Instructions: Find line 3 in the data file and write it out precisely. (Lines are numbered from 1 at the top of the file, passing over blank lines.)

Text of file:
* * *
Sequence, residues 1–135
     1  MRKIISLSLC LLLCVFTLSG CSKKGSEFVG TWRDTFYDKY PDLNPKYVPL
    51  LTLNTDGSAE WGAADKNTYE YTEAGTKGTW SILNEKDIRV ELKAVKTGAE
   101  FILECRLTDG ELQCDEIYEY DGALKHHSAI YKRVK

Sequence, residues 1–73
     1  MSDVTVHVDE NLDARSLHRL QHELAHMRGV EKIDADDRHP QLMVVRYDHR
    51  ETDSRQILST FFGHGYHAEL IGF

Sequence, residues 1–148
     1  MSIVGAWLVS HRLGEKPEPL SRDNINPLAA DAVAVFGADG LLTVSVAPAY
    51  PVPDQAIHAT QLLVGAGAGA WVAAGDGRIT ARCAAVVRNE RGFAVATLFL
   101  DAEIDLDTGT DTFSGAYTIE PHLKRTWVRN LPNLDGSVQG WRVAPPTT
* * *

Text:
    51  LTLNTDGSAE WGAADKNTYE YTEAGTKGTW SILNEKDIRV ELKAVKTGAE